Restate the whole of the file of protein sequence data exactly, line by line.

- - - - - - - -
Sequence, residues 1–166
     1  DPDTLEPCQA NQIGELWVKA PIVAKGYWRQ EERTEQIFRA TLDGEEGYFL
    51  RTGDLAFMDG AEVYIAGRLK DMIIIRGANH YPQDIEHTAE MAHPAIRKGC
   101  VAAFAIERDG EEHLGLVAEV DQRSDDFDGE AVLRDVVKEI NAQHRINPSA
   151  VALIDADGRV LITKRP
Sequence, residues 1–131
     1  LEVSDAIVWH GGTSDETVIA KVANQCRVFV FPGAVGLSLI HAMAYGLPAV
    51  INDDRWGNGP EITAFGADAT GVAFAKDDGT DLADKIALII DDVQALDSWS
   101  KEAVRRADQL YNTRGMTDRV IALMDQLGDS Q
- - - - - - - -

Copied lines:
Sequence, residues 1–166
     1  DPDTLEPCQA NQIGELWVKA PIVAKGYWRQ EERTEQIFRA TLDGEEGYFL
    51  RTGDLAFMDG AEVYIAGRLK DMIIIRGANH YPQDIEHTAE MAHPAIRKGC
   101  VAAFAIERDG EEHLGLVAEV DQRSDDFDGE AVLRDVVKEI NAQHRINPSA
   151  VALIDADGRV LITKRP
Sequence, residues 1–131
     1  LEVSDAIVWH GGTSDETVIA KVANQCRVFV FPGAVGLSLI HAMAYGLPAV
    51  INDDRWGNGP EITAFGADAT GVAFAKDDGT DLADKIALII DDVQALDSWS
   101  KEAVRRADQL YNTRGMTDRV IALMDQLGDS Q